Why Automation Engines Matter To Best-In-Breed DevOps Vendors

One of the oldest and most persistent debates in any field goes back to the famous quote by ancient Greek poet Archilochus, “a fox knows many things, but a hedgehog one important thing”—and to Isaiah Berlin’s equally famous philosophical-literary essay, “The Hedgehog and The Fox”. Technology is only one of numerous areas in which this paradigm is being used (or overused, depending on your viewpoint) to evolve industry standards and operating models.

Fox in the city

A good example of this is the increasing tension in cloud-native technologies between those tools that strive to be a “best of breed”, and those that position themselves as a “one-stop-shop”. Vendors such as CircleCI for CICD, Datadog for monitoring, and of course Snyk for developer-first security all aim to be the absolute best at the (relatively) narrow task at hand. On the other side of the fence, vendors such as Gitlab look to add functionality to cover a wider surface area.

There will always be a tradeoff on this route to simplifying systems such as procurement or IT management: the Hedgehogs of this world will never achieve the same results on narrow sets of tasks as will Foxes, but they will offer simplicity or unity of interface as an advantage.

The leading public cloud providers such as AWS and Azure are good examples of companies that, on the one hand, have the product realism to build rich ecosystems of compatible partner solutions, but on the other hand offer economic incentives in place to help those customers that want to reduce the number of suppliers or solutions they work with.

In this context, a new category of solutions is looking to create automation engines to connect best-in-breed solutions, allowing at least a common technical interface to connect discrete but closely-related tasks. Examples of this approach are GitHub Actions and Bitbucket Pipelines, which aim to offer developers a way to automate their software workflows—build, test, and deploy—right from their software repositories.

Puppet Relay: automating DevOps and cloud operations

A new and more Operations-focused entrant into this space was announced late last month, Puppet Relay. If this is where configuration management veterans Puppet are going, it could indeed be big news. Relay is an Event-, Task-, or Anything-Driven automation engine that sits behind other technologies used by an enterprise. Relay automates processes across any cloud infrastructure, tools and APIs that developers, DevOps engineers, and SREs (site reliability engineers) typically manage manually. Interoperability and ease of integration seem to be major focus areas for Puppet.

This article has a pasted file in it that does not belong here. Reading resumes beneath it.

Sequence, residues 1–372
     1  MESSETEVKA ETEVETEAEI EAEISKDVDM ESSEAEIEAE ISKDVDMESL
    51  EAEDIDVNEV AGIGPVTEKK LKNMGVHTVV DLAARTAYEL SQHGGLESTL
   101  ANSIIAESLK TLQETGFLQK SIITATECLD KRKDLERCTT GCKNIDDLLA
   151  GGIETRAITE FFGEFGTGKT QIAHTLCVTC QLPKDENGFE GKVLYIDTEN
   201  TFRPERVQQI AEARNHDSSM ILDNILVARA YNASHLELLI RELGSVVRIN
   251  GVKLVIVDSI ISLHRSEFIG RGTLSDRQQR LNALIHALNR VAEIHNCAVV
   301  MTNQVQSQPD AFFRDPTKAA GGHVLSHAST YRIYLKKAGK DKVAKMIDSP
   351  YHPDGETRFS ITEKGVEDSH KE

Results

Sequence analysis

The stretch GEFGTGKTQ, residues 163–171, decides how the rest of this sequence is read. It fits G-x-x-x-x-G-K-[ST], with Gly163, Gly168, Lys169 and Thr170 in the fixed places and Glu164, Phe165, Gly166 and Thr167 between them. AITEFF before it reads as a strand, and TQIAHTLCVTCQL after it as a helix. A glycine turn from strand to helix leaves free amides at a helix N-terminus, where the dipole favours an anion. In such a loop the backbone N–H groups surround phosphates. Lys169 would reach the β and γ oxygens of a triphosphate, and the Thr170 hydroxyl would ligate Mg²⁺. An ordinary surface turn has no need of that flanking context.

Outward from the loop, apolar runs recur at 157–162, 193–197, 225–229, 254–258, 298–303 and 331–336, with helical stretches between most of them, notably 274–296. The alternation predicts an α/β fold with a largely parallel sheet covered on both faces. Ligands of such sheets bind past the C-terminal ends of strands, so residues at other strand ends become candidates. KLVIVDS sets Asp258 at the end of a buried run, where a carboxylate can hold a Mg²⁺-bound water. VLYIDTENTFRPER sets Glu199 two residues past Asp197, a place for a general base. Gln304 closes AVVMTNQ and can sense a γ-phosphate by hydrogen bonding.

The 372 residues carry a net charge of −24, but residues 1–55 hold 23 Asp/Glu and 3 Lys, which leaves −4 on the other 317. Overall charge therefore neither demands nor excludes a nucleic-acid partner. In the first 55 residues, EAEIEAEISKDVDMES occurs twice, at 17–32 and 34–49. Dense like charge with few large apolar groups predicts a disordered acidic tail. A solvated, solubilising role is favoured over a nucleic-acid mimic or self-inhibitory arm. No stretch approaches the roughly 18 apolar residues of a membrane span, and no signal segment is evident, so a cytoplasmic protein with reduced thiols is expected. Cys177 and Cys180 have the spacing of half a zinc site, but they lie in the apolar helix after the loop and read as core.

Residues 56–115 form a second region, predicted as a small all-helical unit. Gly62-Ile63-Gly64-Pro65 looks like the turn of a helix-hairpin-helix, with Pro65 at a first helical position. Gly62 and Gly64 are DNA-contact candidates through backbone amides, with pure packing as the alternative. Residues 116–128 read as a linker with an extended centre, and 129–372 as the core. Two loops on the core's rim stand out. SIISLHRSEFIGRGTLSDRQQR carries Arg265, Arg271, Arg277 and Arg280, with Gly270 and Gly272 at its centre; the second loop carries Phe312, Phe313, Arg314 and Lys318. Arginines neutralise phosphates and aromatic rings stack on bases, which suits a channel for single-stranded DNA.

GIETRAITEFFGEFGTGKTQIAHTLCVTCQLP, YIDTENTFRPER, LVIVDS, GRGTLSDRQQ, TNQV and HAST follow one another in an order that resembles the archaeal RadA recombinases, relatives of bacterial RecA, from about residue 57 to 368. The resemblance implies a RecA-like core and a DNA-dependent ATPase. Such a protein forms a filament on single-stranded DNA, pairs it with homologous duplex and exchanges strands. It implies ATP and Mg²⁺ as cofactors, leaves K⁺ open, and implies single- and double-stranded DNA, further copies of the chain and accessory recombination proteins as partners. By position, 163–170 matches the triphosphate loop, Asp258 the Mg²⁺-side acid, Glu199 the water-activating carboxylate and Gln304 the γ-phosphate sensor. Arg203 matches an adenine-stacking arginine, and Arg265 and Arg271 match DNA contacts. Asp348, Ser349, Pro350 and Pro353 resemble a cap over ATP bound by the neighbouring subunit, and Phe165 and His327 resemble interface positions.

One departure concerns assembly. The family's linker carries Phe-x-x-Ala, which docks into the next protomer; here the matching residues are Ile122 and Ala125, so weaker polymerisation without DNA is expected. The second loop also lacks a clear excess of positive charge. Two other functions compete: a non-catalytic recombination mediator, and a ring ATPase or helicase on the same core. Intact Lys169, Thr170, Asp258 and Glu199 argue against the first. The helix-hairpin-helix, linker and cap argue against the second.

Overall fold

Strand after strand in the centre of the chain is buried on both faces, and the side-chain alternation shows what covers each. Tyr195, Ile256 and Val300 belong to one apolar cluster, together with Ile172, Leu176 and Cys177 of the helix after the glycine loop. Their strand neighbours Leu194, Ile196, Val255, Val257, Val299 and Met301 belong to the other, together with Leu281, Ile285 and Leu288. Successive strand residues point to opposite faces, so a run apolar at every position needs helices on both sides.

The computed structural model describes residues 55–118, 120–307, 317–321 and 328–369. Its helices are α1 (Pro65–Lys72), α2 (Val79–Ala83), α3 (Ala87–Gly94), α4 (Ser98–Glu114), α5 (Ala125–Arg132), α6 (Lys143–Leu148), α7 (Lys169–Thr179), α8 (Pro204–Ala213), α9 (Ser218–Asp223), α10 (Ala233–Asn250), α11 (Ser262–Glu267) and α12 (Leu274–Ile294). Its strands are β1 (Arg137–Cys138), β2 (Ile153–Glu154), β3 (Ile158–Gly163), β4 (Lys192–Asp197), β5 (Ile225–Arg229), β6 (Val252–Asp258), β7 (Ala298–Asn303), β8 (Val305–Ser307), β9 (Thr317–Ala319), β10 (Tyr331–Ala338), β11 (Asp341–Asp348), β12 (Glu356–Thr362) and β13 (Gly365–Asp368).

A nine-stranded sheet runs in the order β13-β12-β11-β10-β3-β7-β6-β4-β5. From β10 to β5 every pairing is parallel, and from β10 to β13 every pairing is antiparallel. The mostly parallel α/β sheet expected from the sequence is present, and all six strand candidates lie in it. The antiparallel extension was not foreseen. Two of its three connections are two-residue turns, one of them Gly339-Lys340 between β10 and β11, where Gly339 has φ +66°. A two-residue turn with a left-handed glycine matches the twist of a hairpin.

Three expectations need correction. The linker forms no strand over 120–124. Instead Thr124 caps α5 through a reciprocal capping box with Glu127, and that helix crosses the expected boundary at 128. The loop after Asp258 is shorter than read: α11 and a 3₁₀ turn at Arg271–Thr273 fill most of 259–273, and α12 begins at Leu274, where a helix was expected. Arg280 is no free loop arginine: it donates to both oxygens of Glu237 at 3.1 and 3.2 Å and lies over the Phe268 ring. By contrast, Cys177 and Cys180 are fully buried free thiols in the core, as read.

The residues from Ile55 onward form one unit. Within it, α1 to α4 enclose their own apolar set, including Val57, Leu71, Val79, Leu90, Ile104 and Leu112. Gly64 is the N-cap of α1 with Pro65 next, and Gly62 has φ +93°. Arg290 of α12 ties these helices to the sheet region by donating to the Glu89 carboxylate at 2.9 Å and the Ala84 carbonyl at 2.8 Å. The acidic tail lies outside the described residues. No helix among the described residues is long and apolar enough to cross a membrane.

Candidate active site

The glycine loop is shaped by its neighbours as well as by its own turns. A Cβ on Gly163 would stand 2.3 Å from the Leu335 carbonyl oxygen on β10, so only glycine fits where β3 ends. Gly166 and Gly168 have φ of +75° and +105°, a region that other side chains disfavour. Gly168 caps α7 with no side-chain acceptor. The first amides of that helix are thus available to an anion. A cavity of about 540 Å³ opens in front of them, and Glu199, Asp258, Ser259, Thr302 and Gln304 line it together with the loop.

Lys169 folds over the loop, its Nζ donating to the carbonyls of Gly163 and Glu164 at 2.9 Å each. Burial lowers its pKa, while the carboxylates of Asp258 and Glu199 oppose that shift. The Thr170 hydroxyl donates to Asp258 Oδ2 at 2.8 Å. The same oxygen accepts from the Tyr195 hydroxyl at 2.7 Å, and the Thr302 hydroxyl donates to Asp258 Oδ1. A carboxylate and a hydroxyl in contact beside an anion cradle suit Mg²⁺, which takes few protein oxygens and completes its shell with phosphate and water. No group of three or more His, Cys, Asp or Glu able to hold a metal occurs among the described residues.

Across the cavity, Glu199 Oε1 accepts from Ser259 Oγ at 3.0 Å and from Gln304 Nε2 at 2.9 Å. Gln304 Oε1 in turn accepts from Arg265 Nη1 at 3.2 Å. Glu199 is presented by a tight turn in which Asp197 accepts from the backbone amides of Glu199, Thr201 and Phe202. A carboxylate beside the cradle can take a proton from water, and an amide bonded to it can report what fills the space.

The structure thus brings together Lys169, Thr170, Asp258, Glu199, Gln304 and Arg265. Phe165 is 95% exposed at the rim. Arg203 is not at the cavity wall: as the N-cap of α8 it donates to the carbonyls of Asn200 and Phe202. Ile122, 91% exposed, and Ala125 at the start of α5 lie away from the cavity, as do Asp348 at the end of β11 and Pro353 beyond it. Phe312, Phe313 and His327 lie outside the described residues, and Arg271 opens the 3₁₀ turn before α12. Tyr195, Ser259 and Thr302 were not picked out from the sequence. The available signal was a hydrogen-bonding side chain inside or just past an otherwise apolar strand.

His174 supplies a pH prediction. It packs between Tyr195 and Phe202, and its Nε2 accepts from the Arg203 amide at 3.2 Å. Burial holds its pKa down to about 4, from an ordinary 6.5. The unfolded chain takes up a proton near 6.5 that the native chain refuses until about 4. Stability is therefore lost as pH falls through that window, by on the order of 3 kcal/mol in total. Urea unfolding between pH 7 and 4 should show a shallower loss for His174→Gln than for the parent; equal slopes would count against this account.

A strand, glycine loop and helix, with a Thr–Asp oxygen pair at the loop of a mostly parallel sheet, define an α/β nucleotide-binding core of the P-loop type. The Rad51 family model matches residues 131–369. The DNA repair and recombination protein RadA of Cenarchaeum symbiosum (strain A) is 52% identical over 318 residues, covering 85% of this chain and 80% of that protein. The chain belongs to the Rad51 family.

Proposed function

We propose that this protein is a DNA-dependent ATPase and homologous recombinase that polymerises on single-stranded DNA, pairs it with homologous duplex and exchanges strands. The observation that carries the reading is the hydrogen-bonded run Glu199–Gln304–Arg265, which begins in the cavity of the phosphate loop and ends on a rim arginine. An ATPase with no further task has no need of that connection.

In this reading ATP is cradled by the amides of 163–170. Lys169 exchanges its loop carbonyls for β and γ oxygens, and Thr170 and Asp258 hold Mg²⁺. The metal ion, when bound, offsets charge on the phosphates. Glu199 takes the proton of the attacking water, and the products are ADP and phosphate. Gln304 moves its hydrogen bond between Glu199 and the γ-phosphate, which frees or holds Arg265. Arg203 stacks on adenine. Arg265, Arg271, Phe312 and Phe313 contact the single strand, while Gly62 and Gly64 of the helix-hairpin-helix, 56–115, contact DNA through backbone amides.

According to former Cloud Foundry Foundation Executive Director (and longtime Pivot before that) Abby Kearns, who recently joined Puppet as CTO, there are tons of boxes in the datacenter that traditional Puppet customers want to automate with configuration management, but with the move to the cloud, the potential surface area for automation is much bigger. Puppet’s ambition is to capture the automation and orchestration of the cloud movement, with multiple use cases such as continuous deployment, automatic fault remediation, cloud operations and more.

Relay already integrates with some of the most important enterprise infrastructure vendors like Hashicorp, ServiceNow, Atlassian, Splunk and others. Stephen O’Grady, Principal Analyst with RedMonk, was quoted in Puppet’s press release as saying that the rise of DevOps has created a hugely fragmented portfolio of tools, and that organizations are looking for ways to automate and integrate the different touch points. “This is the opportunity that Relay is built for,” concluded O’Grady.

Automation market trends point to a specialized future

Market analysis and data supports this trend. In its Market Guide for Infrastructure Automation Tools, Gartner estimated that by 2023, 60% of organizations will use infrastructure automation tools as part of their DevOps toolchains, improving application deployment efficiency by 25%. Similarly, in its 2019-2021 I&O Automation Benchmark Report, Gartner forecasted that 47% of infrastructure and operations executives are actively investing and plan to continue investing in infrastructure automation tools in 2020.

Ultimately, taste in architecture means using the right tool for the right job, under the financial or organizational constraints that each of us might have. By providing a backbone to automate the cross-vendor workflow, the new breed of automation engines such as Puppet Relay could potentially tilt the scale towards specialized solutions, and change day-to-day development and operations.

(Originally posted on Forbes.com)